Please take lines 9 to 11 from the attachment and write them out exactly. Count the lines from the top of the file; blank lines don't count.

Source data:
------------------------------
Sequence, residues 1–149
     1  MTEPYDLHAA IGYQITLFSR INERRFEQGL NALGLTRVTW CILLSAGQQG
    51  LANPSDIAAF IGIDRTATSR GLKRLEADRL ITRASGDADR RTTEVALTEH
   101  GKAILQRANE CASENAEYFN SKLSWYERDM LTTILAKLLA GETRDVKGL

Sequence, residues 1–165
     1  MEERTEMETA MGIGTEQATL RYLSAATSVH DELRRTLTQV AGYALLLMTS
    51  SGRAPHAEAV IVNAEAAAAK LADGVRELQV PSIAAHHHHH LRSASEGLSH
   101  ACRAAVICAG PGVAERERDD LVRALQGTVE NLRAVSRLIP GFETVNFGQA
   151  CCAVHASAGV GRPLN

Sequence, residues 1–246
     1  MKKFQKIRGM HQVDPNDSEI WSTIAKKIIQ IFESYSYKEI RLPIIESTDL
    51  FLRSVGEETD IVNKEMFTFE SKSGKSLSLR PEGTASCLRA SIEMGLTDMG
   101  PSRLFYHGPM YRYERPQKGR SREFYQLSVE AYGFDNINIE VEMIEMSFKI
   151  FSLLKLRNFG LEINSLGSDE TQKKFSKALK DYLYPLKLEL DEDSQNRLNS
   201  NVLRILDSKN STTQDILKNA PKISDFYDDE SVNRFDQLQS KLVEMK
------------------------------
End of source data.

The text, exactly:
   151  CCAVHASAGV GRPLN

Sequence, residues 1–246
     1  MKKFQKIRGM HQVDPNDSEI WSTIAKKIIQ IFESYSYKEI RLPIIESTDL